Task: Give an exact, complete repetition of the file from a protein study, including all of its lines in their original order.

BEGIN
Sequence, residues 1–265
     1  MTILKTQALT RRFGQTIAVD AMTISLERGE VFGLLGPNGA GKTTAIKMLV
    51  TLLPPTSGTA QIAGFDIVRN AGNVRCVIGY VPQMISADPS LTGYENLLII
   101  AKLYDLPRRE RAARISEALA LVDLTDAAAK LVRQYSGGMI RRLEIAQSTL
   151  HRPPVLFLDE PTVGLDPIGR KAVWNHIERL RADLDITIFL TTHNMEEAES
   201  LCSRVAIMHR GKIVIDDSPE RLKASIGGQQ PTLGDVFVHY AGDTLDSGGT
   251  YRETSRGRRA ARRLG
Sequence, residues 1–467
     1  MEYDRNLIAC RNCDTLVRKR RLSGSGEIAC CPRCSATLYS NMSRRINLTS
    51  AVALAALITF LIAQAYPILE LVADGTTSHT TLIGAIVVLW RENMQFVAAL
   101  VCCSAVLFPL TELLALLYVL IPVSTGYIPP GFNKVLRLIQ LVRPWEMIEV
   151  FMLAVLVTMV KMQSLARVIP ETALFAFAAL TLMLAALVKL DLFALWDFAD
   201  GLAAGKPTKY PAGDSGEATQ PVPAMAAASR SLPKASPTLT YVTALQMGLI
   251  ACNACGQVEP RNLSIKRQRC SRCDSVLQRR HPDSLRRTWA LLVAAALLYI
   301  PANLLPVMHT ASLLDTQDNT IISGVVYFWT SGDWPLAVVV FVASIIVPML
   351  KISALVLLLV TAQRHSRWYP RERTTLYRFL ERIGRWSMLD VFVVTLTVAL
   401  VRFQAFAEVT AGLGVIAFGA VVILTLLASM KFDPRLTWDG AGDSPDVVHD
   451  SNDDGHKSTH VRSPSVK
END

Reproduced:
Sequence, residues 1–265
     1  MTILKTQALT RRFGQTIAVD AMTISLERGE VFGLLGPNGA GKTTAIKMLV
    51  TLLPPTSGTA QIAGFDIVRN AGNVRCVIGY VPQMISADPS LTGYENLLII
   101  AKLYDLPRRE RAARISEALA LVDLTDAAAK LVRQYSGGMI RRLEIAQSTL
   151  HRPPVLFLDE PTVGLDPIGR KAVWNHIERL RADLDITIFL TTHNMEEAES
   201  LCSRVAIMHR GKIVIDDSPE RLKASIGGQQ PTLGDVFVHY AGDTLDSGGT
   251  YRETSRGRRA ARRLG
Sequence, residues 1–467
     1  MEYDRNLIAC RNCDTLVRKR RLSGSGEIAC CPRCSATLYS NMSRRINLTS
    51  AVALAALITF LIAQAYPILE LVADGTTSHT TLIGAIVVLW RENMQFVAAL
   101  VCCSAVLFPL TELLALLYVL IPVSTGYIPP GFNKVLRLIQ LVRPWEMIEV
   151  FMLAVLVTMV KMQSLARVIP ETALFAFAAL TLMLAALVKL DLFALWDFAD
   201  GLAAGKPTKY PAGDSGEATQ PVPAMAAASR SLPKASPTLT YVTALQMGLI
   251  ACNACGQVEP RNLSIKRQRC SRCDSVLQRR HPDSLRRTWA LLVAAALLYI
   301  PANLLPVMHT ASLLDTQDNT IISGVVYFWT SGDWPLAVVV FVASIIVPML
   351  KISALVLLLV TAQRHSRWYP RERTTLYRFL ERIGRWSMLD VFVVTLTVAL
   401  VRFQAFAEVT AGLGVIAFGA VVILTLLASM KFDPRLTWDG AGDSPDVVHD
   451  SNDDGHKSTH VRSPSVK